RAD (Reactive Attachment Disorder) is one disorder on the spectrum of disorders associated with lack of attachment built with a primary caregiver as an infant. When babies are born, they naturally and instinctively cry when they need something. If he or she needs their diaper changed, if they’re hungry, or if they’re tired, they cry to receive the attention of a trusted adult in their life. When the trusted adult comes to change their diaper, feed them, or rock them back to sleep, the baby learns to trust their caregiver. They start to believe, through repeated, consistent care from their parents, that their parents will meet their needs and that there is no need to fear the possibility that their needs will not be met. This results in attachment, which is the foundation upon which children develop the ability to process emotions and form relationships. When the contrary occurs, and a child does not receive the necessary care and attention needed to build trust, the opposite happens. Children learn that they cannot trust the adults in their lives. They cry for help with a certain need, and their need is not met. This, therefore, results in a lack of attachment, preventing children from being able to create secure attachment and develop stable relationships with caregivers in their lives. Children who have experienced multiple foster care placements, have lived in an orphanage, or whose parents could not adequately care for them due to mental illness or substance abuse most likely have some kind of attachment issues. The most serious attachment disorder is Reactive Attachment Disorder. RAD is a diagnosis that is no fault of the child’s, but will require much work from both the child and the caregivers to overcome. But it is possible!
Children with RAD may resist affection with their primary caregivers, or they may show inappropriate affection indiscriminately to other adults in their lives. Their disorder may manifest as defiance, resistance to touch, lack of care in relationships, or anger, leaving families feeling hopeless and lost. If you are parenting a child with RAD or are wondering if they should be diagnosed with it, the diagnosis can certainly be overwhelming and discouraging. It can feel like there is no end in sight, like the behaviors associated with RAD will never end, and that there is no hope for healing. But there is hope for children who have experienced the overwhelming loss of their parents and the lack of attachment in early stages of their lives. Parents can provide what is necessary for healing, but it certainly will take time, patience, and consistency.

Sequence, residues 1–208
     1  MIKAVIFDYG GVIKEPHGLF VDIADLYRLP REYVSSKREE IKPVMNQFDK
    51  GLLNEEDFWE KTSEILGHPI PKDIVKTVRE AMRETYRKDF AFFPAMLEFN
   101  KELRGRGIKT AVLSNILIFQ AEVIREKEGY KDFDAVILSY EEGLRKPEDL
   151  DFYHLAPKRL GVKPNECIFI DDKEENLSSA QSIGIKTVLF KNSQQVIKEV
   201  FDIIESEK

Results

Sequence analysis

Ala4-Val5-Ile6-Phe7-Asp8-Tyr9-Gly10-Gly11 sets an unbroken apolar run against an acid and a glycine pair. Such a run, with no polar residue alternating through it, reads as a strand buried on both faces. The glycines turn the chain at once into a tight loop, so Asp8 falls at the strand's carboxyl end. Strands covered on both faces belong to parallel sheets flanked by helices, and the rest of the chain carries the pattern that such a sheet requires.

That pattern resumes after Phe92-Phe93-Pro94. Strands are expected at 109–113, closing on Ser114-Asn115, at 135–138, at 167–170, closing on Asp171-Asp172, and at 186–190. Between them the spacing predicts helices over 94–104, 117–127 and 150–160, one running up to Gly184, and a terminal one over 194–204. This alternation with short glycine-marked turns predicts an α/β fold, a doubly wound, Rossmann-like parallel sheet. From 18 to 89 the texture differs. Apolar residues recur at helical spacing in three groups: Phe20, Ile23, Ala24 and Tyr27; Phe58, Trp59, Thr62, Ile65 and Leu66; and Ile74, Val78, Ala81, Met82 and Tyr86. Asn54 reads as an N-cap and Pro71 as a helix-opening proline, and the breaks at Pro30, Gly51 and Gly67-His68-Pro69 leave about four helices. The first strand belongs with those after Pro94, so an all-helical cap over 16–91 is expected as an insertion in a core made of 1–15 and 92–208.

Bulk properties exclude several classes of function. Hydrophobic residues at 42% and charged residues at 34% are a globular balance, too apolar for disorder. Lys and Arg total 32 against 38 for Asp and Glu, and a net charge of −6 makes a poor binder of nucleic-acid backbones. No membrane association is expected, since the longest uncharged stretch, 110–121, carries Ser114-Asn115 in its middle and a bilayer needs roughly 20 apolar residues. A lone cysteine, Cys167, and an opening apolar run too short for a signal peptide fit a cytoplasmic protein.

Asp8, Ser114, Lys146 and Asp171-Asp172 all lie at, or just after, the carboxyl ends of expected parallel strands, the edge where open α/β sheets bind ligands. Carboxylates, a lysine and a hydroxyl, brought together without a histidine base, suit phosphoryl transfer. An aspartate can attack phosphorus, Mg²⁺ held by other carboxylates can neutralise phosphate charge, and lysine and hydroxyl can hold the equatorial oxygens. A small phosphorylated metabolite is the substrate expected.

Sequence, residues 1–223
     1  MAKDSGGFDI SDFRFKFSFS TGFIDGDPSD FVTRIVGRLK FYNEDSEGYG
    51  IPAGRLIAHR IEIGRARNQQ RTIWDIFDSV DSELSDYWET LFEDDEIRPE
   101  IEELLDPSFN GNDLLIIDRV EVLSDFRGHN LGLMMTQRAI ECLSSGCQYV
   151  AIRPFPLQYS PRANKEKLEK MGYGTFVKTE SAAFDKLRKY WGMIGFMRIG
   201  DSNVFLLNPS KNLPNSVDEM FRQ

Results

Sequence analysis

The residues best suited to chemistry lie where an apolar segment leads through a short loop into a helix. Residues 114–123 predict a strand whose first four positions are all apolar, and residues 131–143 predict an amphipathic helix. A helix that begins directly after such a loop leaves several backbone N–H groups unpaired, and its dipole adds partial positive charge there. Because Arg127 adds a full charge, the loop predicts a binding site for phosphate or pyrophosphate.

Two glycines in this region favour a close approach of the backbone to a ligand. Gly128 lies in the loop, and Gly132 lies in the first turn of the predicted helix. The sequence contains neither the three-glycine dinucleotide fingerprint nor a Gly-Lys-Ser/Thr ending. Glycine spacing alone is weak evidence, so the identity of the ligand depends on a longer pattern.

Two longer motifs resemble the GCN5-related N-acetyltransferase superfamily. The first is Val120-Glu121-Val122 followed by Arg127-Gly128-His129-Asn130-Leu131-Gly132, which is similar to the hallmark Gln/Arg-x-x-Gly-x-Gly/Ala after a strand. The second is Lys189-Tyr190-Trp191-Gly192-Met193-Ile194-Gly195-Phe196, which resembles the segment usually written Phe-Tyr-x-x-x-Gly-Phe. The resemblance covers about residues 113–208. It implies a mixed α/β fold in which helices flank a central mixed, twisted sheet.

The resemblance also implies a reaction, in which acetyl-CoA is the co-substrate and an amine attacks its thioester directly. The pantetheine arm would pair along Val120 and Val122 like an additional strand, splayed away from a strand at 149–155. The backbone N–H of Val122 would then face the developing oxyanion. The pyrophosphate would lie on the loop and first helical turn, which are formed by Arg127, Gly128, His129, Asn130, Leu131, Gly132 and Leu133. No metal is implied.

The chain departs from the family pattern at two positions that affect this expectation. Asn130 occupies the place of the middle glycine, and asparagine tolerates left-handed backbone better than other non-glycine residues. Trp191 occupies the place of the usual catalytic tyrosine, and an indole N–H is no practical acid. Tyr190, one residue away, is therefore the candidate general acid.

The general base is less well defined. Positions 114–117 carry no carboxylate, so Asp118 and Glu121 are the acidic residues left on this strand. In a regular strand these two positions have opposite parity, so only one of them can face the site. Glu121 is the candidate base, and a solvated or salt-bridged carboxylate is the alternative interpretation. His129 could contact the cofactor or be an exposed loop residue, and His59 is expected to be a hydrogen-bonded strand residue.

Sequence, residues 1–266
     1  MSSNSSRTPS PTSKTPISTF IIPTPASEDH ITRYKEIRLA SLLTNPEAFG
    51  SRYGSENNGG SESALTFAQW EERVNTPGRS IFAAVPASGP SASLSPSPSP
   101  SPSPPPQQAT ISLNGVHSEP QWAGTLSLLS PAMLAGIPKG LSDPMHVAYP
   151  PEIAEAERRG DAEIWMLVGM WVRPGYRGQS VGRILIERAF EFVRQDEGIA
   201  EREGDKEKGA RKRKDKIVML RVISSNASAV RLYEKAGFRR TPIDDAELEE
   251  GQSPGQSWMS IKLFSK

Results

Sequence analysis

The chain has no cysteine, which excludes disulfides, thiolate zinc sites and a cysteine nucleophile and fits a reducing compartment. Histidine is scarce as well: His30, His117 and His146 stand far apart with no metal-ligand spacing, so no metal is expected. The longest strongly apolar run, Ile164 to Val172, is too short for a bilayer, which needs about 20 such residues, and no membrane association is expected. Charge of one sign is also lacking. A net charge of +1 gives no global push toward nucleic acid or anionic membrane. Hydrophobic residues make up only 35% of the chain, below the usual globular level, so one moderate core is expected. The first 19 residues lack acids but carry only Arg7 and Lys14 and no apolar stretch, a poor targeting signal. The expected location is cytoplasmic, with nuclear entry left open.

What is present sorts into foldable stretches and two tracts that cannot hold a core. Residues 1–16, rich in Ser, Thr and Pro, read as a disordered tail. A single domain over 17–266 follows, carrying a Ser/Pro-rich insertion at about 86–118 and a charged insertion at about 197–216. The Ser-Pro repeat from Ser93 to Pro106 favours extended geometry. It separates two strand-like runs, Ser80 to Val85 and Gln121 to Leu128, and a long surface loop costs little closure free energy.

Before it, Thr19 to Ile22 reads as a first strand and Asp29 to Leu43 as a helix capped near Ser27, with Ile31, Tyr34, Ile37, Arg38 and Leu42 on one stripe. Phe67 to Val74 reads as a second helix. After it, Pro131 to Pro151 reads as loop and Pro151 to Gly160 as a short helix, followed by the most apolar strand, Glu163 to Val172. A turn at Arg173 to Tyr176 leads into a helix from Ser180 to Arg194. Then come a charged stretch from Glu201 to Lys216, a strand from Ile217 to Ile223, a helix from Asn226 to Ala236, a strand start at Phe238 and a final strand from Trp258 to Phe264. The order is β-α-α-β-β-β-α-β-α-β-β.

5 Things to Know about Parenting a Child with RAD
1. You will need to shift your expectations when parenting a child with RAD.
Children who did not receive the necessary care as infants and toddlers may find it difficult to attach to their new adoptive parents. Through no fault of their own, he or she will struggle to meet their parents’ eyes, take social cues, and receive physical touch and affection. It may be necessary to shift your expectations about what you thought your family might look like before this particular child joined your family. This can be difficult, and you may need to grieve the family you thought you wanted so that you can fully embrace the family that you have. It is then that you will be able to see your child and your family life with new eyes and begin creating a pathway to healing for your child, for you, and for your entire family.
Although you won’t be able to un-feel the hurt you may experience when your child pulls away from a hug or runs up to a stranger and tries to go home with them, you can reframe the way you think about it. Knowing why your child is acting this way can help tremendously in your journey to becoming a parent who promotes healing. This can also help you to not take your child’s actions personally and respond in a way that promotes connection and togetherness.